Not much to compare here right? Cousy won six championships as the point guard for the Boston Celtics during the first and most dominant dynasty in sports history. His success can be credited in large part to playing with a Top 10 player of all-time in Bill Russell and arguably the best coach in sports history, Red Auerbach. Nothing should be taken away from Cousy in the playoffs as he was a major contributor to numerous titles, averaging 18.5 PPG, 8.6 APG, and 5 RPG over 109 games.
For Nash, history will show he always knocked on the door, but never at the right time. He was a part of both Mavericks and Suns teams that reached four Western Conference Finals and lost to the eventual champions three of those times. In the playoffs Nash was no slouch, averaging 17.3 PPG and 8.9 APG throughout 118 games to date.
When you look back at the the 1950s and the 1960s, history will show you that Cousy was a Top 6 player during that 20-year period. It is a much smaller sample as far as players are concerned, but Cousy has his name firmly next to Jerry West (the NBA Logo), Wilt Chamberlain (retired as the NBA’s all-time leading scorer), Bill Russell (Finals MVP trophy name) and Oscar Robertson (Mr. Triple-Double). That is company worth keeping.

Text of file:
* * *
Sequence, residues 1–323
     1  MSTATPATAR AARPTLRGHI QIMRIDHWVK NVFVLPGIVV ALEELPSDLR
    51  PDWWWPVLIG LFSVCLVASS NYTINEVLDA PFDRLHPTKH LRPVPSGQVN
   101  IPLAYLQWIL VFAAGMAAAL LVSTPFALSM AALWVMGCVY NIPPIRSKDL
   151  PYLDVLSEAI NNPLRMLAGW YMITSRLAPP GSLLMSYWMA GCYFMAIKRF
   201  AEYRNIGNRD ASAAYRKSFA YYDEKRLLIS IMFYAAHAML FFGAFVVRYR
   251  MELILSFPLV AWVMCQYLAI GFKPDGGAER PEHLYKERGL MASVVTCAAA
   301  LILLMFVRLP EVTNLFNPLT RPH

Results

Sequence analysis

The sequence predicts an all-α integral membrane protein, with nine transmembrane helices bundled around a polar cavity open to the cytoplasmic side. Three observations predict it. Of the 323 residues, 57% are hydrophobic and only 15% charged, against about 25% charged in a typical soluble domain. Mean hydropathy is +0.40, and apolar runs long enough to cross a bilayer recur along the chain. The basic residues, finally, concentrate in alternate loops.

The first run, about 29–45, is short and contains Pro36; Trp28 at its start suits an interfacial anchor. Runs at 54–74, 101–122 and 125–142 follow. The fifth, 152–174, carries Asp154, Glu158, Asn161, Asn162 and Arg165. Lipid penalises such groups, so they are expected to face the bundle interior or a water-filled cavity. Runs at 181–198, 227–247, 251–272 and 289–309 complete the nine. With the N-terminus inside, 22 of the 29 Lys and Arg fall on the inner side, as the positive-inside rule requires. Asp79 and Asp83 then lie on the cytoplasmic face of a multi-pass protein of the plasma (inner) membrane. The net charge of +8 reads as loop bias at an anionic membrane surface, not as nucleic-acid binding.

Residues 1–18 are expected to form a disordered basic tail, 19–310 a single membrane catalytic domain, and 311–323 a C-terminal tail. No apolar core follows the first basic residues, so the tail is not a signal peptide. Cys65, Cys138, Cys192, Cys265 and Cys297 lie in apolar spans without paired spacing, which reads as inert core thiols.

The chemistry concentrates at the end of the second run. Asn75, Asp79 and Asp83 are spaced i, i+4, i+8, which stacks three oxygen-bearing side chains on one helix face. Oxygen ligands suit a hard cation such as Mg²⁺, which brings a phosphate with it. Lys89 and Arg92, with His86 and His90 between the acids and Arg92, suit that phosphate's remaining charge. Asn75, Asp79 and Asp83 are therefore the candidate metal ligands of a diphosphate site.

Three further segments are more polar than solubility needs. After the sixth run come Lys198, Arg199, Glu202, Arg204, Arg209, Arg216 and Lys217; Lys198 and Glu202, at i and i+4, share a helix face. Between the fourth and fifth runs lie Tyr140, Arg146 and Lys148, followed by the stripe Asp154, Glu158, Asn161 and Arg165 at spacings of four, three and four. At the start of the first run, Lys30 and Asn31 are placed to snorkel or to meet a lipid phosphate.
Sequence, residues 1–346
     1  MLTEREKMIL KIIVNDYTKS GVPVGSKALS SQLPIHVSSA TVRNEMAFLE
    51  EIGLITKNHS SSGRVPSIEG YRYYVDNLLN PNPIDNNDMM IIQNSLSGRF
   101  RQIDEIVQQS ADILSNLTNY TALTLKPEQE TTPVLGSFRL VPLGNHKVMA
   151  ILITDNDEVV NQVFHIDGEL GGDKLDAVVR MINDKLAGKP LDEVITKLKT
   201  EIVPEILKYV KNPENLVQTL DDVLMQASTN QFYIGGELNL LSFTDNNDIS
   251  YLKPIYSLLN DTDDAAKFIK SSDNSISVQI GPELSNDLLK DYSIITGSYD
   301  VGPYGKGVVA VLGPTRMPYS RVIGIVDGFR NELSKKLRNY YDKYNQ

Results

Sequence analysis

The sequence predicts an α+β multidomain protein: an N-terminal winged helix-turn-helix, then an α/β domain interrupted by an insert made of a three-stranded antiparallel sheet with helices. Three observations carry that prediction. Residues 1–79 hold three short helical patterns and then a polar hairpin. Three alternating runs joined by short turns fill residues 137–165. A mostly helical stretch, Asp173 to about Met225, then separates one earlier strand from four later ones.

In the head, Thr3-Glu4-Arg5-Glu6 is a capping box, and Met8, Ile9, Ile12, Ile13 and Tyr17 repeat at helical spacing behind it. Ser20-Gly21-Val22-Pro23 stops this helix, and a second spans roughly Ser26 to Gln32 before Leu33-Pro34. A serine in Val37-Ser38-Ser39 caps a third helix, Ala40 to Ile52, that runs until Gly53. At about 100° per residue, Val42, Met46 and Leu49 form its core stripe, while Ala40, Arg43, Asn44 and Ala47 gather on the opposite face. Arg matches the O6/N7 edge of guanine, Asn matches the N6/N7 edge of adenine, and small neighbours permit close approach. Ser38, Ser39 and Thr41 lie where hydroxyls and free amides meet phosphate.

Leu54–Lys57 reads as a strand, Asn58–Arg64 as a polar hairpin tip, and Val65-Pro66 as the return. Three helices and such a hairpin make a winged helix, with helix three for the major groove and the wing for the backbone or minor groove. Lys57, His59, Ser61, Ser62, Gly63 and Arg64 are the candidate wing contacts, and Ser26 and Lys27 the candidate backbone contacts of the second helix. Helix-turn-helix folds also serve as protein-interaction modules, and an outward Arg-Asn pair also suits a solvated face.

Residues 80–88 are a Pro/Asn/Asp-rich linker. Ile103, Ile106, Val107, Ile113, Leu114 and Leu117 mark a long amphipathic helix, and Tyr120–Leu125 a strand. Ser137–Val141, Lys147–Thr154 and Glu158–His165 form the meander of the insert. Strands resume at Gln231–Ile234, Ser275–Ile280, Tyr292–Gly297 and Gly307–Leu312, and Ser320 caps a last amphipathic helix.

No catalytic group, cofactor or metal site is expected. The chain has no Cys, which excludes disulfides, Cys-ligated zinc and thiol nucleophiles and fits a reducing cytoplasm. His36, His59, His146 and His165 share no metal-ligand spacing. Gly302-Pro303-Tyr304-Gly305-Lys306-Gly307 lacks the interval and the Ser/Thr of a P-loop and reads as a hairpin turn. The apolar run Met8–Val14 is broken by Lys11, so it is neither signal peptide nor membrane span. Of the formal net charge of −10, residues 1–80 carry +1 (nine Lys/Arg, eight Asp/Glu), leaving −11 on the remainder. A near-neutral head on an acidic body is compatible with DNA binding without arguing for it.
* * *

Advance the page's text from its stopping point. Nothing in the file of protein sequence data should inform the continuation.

Nash will be known for two major aspects of his game and both play a part in why his team’s offense is nearly always ranked number one in the league. First, he is an elite all-around shooter. For his career he is currently seventh all-time in three point shooting, first in free throw shooting and is a steady 48.9% from the field. Those numbers combine to make Nash the best shooter in basketball history, especially when you factor in the volume he shoots to keep his team winning. Second is the consistent proficiency he displayed running a team with his assists and play calling.
On one side, you have a player who held his own and became a legend against some of the best ever and in the other you have the greatest shooter and – it is debatable – the best passer ever. Not possible to lose either way here.
The Houdini of the Hardwood retired as the all-time leader in assists and stayed that way until Robertson passed him five seasons later. Since then, 13 players have surpassed him and numerous others are on track to pass him in the future. In his era he was “the point guard” and won at an alarming clip with the greatest dynasty in sports history.
It is easy to discredit Cousy for the company he kept, but they won. If he played with them and never won it would be easy to dismiss him as just another good player. Instead they won EIGHT championships in a row (Cousy was a part of six) and he became a legend. When Nash retires he will be near the top in numerous point guard categories and he will have had a stellar career, but Cousy did it first and is one of the all-time greats. In the end, Cousy edges out Nash 1-0-3 in the third battle of the point guards.
Some big names are missing and the best may have been saved for last in an ultimate point guard battle for the ages…
Which point guard would you take?
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